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Review
. 2019 Sep;44(9):807-818.
doi: 10.1016/j.tibs.2019.04.010.

Carbon-Metal Bonds: Rare and Primordial in Metabolism

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Review

Carbon-Metal Bonds: Rare and Primordial in Metabolism

William F Martin. Trends Biochem Sci. .

Abstract

Submarine hydrothermal vents are rich in hydrogen (H2), an ancient source of electrons and chemical energy for life. Geochemical H2 stems from serpentinization, a process in which rock-bound iron reduces water to H2. Reactions involving H2 and carbon dioxide (CO2) in hydrothermal systems generate abiotic methane and formate; these reactions resemble the core energy metabolism of methanogens and acetogens. These organisms are strict anaerobic autotrophs that inhabit hydrothermal vents and harness energy via H2-dependent CO2 reduction. Serpentinization also generates native metals, which can reduce CO2 to formate and acetate in the laboratory. The enzymes that channel H2, CO2, and dinitrogen (N2) into methanogen and acetogen metabolism are the backbone of the most ancient metabolic pathways. Their active sites share carbon-metal bonds which, although rare in biology, are conserved relics of primordial biochemistry present at the origin of life.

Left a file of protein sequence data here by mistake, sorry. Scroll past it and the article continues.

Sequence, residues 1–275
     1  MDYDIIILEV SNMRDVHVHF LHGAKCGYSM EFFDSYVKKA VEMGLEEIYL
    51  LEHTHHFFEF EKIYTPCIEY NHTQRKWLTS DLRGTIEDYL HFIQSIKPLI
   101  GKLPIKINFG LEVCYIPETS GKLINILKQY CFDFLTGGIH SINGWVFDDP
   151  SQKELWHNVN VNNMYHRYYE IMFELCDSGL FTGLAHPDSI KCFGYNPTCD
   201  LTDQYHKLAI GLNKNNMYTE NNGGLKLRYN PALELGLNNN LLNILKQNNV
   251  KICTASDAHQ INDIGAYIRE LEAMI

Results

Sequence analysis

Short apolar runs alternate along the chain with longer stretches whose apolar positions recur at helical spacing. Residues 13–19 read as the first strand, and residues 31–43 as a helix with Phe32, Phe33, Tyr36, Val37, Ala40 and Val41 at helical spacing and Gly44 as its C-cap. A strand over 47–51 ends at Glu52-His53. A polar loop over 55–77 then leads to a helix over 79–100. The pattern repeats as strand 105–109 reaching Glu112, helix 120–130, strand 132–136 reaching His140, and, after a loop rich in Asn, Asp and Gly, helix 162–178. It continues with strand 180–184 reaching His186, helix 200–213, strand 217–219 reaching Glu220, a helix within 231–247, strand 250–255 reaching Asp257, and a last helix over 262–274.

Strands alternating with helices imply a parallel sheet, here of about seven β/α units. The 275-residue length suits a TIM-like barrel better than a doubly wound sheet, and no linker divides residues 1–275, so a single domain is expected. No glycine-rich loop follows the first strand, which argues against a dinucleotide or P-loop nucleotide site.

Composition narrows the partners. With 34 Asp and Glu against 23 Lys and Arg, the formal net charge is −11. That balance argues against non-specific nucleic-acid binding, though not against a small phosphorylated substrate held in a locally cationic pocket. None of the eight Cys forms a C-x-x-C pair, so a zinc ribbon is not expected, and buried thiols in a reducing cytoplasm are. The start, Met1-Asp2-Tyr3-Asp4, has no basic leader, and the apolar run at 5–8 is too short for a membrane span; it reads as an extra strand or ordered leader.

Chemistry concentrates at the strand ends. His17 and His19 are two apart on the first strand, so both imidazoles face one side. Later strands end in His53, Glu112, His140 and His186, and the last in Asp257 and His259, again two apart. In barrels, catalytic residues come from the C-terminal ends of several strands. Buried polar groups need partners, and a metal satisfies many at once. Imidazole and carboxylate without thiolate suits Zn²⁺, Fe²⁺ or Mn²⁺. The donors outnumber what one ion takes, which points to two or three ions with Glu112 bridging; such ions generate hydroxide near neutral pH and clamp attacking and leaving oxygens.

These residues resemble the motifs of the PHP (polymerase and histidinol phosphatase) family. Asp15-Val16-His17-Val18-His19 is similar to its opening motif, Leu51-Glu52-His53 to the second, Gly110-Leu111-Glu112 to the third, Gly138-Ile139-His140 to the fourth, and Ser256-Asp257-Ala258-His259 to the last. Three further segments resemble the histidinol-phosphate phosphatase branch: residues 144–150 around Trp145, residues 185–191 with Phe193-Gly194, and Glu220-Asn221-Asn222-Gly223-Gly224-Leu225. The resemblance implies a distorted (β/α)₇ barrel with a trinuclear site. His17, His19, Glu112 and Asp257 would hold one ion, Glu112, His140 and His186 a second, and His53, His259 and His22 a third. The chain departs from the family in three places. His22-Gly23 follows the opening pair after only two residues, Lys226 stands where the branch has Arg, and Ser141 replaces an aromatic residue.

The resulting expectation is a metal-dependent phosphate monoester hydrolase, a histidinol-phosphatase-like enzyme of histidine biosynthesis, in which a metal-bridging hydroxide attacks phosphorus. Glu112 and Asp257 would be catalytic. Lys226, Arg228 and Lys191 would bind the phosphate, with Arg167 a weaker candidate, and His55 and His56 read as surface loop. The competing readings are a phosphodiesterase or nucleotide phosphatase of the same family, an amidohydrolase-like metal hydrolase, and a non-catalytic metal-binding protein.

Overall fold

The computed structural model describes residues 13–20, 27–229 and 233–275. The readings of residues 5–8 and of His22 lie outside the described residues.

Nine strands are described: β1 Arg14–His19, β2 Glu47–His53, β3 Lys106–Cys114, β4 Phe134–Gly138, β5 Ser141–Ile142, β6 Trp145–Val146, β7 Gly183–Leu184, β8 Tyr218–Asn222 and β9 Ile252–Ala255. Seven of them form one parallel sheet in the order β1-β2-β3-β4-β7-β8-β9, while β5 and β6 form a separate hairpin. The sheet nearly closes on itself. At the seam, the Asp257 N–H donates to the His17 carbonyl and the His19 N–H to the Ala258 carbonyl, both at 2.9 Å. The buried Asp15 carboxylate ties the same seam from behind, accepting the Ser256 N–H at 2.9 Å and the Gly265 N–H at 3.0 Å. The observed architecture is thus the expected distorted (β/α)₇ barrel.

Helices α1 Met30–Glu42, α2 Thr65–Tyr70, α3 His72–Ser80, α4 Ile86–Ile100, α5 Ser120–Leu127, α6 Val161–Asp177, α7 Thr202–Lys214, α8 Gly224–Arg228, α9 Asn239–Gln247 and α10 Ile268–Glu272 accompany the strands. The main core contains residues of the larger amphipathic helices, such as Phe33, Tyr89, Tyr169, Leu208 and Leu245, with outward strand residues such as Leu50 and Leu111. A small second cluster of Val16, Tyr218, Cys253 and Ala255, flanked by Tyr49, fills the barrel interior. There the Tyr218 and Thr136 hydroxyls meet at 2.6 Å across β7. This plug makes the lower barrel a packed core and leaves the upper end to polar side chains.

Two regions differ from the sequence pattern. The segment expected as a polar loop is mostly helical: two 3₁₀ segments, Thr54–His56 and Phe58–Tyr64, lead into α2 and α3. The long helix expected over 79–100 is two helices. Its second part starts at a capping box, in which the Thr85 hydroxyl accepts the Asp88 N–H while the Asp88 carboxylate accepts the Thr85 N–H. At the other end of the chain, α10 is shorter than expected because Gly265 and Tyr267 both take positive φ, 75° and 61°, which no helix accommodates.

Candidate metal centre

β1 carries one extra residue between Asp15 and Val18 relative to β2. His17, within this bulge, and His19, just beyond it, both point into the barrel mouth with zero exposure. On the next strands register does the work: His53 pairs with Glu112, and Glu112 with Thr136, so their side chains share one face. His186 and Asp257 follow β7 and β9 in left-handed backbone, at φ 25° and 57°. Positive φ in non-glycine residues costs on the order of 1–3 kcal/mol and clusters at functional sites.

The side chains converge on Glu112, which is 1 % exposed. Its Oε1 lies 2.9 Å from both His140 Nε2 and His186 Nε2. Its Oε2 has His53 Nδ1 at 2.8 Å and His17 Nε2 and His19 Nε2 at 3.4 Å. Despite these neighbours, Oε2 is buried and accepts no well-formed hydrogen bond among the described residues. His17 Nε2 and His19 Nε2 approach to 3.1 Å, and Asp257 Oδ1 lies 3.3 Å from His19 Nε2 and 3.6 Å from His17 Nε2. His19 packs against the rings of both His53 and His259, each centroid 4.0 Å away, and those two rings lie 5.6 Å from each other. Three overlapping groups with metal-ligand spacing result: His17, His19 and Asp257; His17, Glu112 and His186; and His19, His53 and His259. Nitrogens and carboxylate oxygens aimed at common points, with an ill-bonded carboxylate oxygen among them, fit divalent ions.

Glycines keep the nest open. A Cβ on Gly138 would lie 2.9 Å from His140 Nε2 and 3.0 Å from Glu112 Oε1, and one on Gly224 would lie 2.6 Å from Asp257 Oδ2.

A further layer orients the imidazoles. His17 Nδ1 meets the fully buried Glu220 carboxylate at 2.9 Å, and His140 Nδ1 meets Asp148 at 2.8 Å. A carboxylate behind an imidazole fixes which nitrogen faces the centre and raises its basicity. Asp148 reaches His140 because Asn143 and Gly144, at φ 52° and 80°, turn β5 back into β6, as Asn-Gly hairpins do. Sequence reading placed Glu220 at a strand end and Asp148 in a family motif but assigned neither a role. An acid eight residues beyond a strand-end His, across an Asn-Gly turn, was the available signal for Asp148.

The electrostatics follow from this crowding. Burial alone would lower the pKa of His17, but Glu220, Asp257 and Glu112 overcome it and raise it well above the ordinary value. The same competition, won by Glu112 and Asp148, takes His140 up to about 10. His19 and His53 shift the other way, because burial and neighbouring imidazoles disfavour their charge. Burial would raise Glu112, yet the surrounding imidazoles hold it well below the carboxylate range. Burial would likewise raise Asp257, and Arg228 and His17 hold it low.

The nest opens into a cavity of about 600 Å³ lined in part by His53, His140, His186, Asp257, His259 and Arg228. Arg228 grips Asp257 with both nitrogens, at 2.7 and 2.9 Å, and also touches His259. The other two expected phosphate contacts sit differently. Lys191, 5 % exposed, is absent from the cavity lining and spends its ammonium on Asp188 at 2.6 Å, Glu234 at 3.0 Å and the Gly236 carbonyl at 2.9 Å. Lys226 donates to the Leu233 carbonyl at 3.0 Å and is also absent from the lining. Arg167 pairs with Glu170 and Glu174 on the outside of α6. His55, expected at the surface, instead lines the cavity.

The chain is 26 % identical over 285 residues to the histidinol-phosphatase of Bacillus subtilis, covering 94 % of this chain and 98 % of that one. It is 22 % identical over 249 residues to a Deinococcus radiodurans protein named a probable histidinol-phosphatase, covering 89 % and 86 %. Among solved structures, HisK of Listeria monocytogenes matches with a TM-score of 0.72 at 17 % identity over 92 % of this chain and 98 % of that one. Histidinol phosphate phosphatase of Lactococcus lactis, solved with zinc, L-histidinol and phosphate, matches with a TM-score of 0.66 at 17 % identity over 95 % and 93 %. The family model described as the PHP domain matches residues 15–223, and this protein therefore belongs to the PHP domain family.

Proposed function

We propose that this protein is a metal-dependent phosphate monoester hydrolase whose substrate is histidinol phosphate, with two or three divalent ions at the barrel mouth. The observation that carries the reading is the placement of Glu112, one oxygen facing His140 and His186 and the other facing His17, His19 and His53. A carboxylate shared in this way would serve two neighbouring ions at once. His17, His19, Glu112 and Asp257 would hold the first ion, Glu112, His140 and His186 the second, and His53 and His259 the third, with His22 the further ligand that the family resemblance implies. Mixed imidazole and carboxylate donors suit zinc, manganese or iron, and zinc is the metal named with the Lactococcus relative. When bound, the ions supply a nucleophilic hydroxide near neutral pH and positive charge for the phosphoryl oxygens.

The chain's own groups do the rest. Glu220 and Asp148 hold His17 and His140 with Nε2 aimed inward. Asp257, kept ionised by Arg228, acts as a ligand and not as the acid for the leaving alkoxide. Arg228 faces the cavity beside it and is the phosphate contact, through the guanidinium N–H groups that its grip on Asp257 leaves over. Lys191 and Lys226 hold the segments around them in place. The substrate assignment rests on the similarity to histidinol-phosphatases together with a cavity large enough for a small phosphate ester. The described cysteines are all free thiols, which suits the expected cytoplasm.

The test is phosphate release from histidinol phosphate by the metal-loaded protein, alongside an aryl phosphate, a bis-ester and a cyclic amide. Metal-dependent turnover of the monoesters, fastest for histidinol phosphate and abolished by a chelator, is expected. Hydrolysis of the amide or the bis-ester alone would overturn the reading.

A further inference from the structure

Keywords: acetogens; acetyl-CoA pathway; carbon monoxide dehydrogenase; hydrogenase; methanogens; nitrogenase.

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